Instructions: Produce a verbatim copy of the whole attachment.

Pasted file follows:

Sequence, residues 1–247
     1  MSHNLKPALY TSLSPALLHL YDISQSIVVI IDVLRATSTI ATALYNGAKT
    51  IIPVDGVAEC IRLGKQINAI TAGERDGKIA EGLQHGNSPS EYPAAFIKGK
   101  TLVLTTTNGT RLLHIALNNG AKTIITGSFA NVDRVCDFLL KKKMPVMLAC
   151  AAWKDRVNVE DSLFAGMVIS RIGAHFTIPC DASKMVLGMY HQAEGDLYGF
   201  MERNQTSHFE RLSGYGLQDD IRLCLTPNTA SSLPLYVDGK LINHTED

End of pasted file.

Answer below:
Sequence, residues 1–247
     1  MSHNLKPALY TSLSPALLHL YDISQSIVVI IDVLRATSTI ATALYNGAKT
    51  IIPVDGVAEC IRLGKQINAI TAGERDGKIA EGLQHGNSPS EYPAAFIKGK
   101  TLVLTTTNGT RLLHIALNNG AKTIITGSFA NVDRVCDFLL KKKMPVMLAC
   151  AAWKDRVNVE DSLFAGMVIS RIGAHFTIPC DASKMVLGMY HQAEGDLYGF
   201  MERNQTSHFE RLSGYGLQDD IRLCLTPNTA SSLPLYVDGK LINHTED